Originally premiered at the Huntington Theatre, Boston, before transferring to Manhattan Theatre Club, New York City, The Niceties marks the European debut of a stunning new American playwright, Eleanor Burgess.
America. 2016. Within the professor’s university office two women united by their vision for the future, but divided on how to get there, meet to review a history paper that asks one big question: Who actually gets to decide history in the first place?
The setting is an elite university in the last year of the Obama presidency and there are just two characters. Janine is a white, sixtysomething history professor who keeps a portrait of George Washington on her wall; Zoe is a 20-year-old black student and an eager participant in campus protest. Battle is joined over a paper Zoe has written claiming that America never had a truly radical revolution because the people really suffering were slaves who had no voice. Janine admits it’s an interesting thesis but demands documentary proof. Zoe counters that the exploited rarely leave evidence behind. This broadens out into a ferocious argument about the partial vision of history taught in the US, with Zoe accusing Janine of racism.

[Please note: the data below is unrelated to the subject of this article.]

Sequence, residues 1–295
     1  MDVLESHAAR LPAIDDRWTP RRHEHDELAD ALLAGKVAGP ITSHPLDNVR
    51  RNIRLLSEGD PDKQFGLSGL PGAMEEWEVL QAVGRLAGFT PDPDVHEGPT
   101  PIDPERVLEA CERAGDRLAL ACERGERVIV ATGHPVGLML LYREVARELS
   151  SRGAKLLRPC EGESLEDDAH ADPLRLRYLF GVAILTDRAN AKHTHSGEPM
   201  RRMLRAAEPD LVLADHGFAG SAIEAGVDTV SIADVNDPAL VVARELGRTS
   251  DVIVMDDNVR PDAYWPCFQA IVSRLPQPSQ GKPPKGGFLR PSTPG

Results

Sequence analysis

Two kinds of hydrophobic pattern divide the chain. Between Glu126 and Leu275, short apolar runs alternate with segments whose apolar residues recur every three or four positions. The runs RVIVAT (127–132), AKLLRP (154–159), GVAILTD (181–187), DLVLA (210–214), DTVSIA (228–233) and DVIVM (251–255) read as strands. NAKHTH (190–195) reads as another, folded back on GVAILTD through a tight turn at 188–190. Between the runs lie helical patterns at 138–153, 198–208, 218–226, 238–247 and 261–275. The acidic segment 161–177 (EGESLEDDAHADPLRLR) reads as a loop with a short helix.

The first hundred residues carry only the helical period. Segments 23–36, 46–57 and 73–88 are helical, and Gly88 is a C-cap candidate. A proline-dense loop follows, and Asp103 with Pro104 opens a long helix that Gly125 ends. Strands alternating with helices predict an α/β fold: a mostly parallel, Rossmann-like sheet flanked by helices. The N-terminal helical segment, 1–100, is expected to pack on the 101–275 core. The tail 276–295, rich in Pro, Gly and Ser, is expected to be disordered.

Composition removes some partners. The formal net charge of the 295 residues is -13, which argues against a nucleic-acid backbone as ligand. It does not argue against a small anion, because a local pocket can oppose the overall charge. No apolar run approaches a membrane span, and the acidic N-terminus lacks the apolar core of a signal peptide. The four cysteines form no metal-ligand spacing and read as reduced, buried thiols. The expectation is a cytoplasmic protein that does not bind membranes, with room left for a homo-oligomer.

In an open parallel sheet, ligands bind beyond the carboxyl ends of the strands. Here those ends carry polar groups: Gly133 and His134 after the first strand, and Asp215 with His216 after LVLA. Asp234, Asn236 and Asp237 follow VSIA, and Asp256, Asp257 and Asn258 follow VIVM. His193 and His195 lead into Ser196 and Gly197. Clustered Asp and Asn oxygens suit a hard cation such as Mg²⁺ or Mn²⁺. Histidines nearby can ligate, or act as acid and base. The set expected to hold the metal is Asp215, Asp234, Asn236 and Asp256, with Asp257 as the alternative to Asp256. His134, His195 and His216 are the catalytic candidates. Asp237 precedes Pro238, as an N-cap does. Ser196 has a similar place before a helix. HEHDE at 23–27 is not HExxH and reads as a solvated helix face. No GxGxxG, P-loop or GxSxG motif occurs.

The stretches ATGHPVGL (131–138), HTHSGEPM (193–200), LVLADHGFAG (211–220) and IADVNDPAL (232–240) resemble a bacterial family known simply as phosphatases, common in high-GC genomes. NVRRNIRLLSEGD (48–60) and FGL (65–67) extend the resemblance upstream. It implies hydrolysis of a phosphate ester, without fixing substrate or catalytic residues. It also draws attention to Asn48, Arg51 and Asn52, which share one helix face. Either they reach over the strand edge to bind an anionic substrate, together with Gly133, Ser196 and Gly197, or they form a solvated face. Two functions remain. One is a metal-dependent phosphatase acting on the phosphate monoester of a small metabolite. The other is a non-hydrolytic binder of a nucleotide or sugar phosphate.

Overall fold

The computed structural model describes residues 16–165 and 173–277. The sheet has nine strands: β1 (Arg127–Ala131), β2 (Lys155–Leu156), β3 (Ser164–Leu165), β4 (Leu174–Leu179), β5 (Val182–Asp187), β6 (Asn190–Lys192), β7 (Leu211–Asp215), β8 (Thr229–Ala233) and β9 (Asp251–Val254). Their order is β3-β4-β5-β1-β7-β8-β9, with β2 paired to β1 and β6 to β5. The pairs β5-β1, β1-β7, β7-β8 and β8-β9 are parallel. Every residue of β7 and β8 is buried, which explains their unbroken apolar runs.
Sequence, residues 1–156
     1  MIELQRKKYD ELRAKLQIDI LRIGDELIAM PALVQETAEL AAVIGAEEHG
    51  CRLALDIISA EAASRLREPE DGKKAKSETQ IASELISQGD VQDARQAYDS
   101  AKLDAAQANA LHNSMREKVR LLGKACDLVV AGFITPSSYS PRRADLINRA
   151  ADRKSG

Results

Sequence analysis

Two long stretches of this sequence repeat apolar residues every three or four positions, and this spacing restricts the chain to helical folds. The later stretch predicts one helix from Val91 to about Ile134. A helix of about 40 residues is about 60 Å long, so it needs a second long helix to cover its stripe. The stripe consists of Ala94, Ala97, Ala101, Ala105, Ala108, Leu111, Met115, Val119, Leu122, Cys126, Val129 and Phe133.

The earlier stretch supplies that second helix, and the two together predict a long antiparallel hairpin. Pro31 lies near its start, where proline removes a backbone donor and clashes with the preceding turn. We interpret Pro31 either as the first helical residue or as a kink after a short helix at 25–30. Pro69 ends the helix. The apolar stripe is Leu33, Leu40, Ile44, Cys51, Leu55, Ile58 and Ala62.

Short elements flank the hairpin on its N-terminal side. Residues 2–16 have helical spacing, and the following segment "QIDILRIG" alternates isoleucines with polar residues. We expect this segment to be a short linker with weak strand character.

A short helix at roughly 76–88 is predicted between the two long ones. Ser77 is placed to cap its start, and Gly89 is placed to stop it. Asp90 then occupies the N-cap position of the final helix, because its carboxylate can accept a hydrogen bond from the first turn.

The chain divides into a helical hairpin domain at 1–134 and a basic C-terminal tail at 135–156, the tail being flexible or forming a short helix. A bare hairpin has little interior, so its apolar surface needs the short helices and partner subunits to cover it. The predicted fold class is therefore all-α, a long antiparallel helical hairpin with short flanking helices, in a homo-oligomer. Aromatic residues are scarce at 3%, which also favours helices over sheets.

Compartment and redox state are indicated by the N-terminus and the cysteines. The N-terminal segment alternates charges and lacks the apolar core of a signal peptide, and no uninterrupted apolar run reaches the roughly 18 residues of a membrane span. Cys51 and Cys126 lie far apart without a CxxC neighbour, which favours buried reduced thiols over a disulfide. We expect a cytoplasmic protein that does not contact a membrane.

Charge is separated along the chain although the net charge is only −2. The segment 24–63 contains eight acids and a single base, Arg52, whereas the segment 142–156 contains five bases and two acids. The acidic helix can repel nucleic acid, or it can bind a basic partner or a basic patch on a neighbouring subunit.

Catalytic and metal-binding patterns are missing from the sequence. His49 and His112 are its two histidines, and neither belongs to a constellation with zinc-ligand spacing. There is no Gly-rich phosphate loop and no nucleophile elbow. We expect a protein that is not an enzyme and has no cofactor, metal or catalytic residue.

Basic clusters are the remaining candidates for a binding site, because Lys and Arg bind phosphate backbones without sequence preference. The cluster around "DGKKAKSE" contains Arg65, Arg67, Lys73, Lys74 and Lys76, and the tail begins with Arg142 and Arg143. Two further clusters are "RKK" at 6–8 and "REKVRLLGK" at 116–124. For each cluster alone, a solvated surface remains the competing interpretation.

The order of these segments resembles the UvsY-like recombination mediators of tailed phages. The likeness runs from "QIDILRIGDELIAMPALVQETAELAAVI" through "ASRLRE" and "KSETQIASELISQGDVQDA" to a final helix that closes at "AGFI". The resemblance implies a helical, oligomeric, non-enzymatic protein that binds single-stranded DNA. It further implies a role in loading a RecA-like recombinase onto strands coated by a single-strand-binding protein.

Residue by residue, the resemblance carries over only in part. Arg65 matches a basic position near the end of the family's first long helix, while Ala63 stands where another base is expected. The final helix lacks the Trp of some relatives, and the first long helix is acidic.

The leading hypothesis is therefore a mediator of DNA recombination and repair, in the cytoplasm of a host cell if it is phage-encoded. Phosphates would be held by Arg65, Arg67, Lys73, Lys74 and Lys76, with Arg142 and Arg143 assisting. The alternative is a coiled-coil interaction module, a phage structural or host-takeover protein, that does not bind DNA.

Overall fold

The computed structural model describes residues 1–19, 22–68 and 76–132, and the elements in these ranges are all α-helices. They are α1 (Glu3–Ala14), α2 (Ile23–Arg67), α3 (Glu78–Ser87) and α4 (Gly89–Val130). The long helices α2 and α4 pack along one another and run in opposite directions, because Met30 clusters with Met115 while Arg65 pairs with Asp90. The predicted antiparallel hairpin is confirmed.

As their private dispute explodes into a public war, the devastating consequences of their good intentions are laid bare, as both student and professor ask: Have we left it too late to repair our divided society?
At the Finborough theatre, London, until 26 October.